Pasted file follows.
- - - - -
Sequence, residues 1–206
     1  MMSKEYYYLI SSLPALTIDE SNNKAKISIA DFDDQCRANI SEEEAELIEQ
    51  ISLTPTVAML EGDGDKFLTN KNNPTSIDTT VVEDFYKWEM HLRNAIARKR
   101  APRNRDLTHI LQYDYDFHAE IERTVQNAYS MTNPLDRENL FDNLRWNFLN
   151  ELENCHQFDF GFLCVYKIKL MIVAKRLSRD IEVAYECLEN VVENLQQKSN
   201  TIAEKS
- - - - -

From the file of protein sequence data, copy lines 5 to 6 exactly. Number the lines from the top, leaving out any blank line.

   151  ELENCHQFDF GFLCVYKIKL MIVAKRLSRD IEVAYECLEN VVENLQQKSN
   201  TIAEKS